Other Claims Against Caffeine
You may have heard or read about other negative health effects from caffeine consumption, but as of now, there just isnt enough evidence to fully endorse those as legitimate health concerns.
Some of those negatives include:
- Adrenal fatigue
- Accelerates bone loss. Src.
Caffeine is a drug and can affect people differently just like any other substance. Its important that consumers understand how caffeine interacts with their bodies in regard to their personal health histories. For some consumers, swapping morning coffee for a shot of ginger or another naturally energizing beverage could be a better alternative. Sprint Kitchen;has some good recommendations.
The food and beverage industry spends millions, if not billions, of dollars worldwide to fund studies and promote caffeinated products as safe or even healthy.
Fortunately, caffeine is one of the most researched substances on the planet and there does exist some unbiased data from which to glean some reliable information from.
While much of the research published does allude to the safety and even potential benefits of caffeine , there are a handful of research studies that highlight the potentially harmful effects of caffeine.
The risks of suffering from any of the harmful effects of caffeine are diminished by being aware of how much is personally being consumed daily.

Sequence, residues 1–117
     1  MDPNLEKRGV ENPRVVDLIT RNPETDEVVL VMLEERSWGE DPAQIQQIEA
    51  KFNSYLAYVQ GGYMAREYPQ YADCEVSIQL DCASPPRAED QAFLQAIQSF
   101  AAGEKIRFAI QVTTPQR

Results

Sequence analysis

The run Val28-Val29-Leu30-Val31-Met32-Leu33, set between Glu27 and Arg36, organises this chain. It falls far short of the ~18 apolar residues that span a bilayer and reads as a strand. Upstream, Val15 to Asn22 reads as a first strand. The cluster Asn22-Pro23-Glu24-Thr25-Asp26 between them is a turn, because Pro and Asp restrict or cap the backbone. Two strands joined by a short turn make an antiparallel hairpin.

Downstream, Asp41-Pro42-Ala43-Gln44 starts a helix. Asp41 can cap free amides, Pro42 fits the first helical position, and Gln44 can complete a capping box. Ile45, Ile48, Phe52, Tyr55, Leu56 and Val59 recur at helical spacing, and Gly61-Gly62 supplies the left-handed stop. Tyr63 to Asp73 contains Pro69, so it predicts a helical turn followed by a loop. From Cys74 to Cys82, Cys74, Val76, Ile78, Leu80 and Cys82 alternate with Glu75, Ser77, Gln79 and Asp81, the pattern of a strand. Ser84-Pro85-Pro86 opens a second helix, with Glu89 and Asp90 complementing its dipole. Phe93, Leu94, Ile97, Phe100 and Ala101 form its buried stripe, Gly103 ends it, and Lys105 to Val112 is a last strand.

It is also important to be aware of any pre-existing medical conditions that may contribute to caffeines negative effects.
Alcohol And Gout Risk
Although beer may be the worst drink for gout, any alcoholic beverage can trigger gout symptoms in people who are prone to the disease. “Alcohol causes the kidneys to excrete alcohol instead of excreting uric acid. That increases the amount of uric acid in the blood, which could provoke a gout attack in about one or two days,” warns David Freeman, MD, a rheumatologist at the Lahey Clinic in Burlington, Mass.
Energy Drinks And Gout Risk
Coffee isnât the only beverage of which to be wary. Consuming some energy drinks is akin to going on a caffeine binge. These drinks may also be high in sugar, so you could be risking a âdaily double” for gout risk. “No studies have evaluated the impact of energy drinks on gout. However, as the majority of these drinks are sweetened with fructose, one can infer that they are likely to also increase gout attacks,” warns Sloane. Not everyone with high uric acid gets gout pain, but studies show that uric acid is increasing in the American diet. Protect yourself by keeping an eye on what you eat and what you drink.
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Is There A Link Between Drinking Coffee And Gout
Date: 02/07/2019 | Topics : Gout Flare Prevention, Lifestyle Tips for Gout,
If you start your day with coffee, youre in good company. According to the results of a survey commissioned by the National Coffee Association, 64 percent of Americans 18 or over drink it every day.1 Everyone knows that coffee is warm, comforting and can help you feel energized, but is there a link between drinking coffee and gout?